Exploring new territory with Moldovan wines

//Exploring new territory with Moldovan wines

Exploring new territory with Moldovan wines

Have you ever tried something completely new, then been absolutely astounded you didn’t know about it beforehand? That was my experience discovering Moldovan wines this week. Heck, I honestly wasn’t even sure where Moldova was before writing this post. But trust me, it is now at the top of my list for Eastern European wine travel. Speaking of travel, this post is part of a new monthly wine blogger gathering precisely on the topic of #worldwinetravel. This month is generously sponsored by Wine of Moldova and VinConnexion in celebration of the country’s National Wine Day on October 3 and 4 (as always, opinions are my own). Keep reading to learn all about this well-established wine region and its amazing wines.

Moldovan wine bottle lineup
Moldova wine lineup

Moldova 101


If, like me, you know nothing about Moldova, let’s start with some maps.

Map of Moldova. Source: diplomatonline.com
Map source: Celestial Wine and Spirits

Moldova is a small landlocked country sandwiched between Ukraine and Romania. Its population is only 3.5 million people, and its capital city is called Chișinău. The country is on the same latitude as Bourgogne in France, and is technically further north than Ottawa (who knew!). Its climate is tempered by the nearby Black Sea.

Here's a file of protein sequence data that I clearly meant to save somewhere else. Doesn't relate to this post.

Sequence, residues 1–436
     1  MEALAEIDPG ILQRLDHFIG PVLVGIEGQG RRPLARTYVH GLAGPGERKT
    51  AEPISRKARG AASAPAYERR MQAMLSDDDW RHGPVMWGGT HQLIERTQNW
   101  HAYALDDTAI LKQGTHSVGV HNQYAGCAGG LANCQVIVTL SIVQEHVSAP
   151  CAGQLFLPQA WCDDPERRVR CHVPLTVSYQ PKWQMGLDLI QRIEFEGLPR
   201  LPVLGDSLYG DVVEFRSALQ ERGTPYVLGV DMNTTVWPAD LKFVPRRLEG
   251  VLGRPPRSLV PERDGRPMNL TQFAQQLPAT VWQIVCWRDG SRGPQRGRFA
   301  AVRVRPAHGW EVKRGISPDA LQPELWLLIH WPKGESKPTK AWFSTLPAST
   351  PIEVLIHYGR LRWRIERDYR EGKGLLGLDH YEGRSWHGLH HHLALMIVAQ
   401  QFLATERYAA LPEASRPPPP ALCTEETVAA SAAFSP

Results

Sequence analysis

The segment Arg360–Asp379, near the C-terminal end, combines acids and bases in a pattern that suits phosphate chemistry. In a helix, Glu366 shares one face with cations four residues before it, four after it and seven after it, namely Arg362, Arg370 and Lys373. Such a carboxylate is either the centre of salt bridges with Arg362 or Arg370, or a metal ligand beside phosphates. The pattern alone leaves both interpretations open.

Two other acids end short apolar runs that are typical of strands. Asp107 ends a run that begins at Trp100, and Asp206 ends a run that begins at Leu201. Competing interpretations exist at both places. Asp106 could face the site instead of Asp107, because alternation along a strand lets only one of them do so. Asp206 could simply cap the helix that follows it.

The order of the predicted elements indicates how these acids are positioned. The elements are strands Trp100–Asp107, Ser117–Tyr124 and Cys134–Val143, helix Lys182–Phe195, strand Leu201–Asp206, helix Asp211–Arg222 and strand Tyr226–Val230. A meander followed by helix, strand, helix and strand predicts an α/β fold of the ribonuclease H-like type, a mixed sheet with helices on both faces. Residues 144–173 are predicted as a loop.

A (very) brief history

Historically, the Principality of Moldavia was ceded to the Russian Empire in the early 1800s by the Ottoman Empire, when it became known as Bessarabia. Over the course of the next two hundred or so years, it became independent, then became part of Romania, then was annexed by the Soviet Union, before finally declaring independence and becoming the Republic of Moldova in 1991 after the fall of the Iron curtain.


Since I am a language nerd, you know I have to mention this. When I first opened these wines, I couldn’t figure out why I could read the labels, even though they weren’t in English. Wasn’t Moldova historically part of Russia? Shouldn’t it be written in an alphabet I don’t know? As it turns out, in its 1991 Declaration of Independence, Moldova made Romanian its official language. Some of you may already know that Romanian is actually a Romance language (i.e. shares linguistic roots with French, Spanish, Italian and Portuguese) so it uses the Latin alphabet (i.e. A, B, C) rather than Russian Cyrillic script. Since I speak both French and Spanish, it stands to reason that I could read the bottles, seeing as Romanian is essentially their linguistic cousin. The language is sometimes also referred to as Moldovan, which is essentially a dialect of Romanian.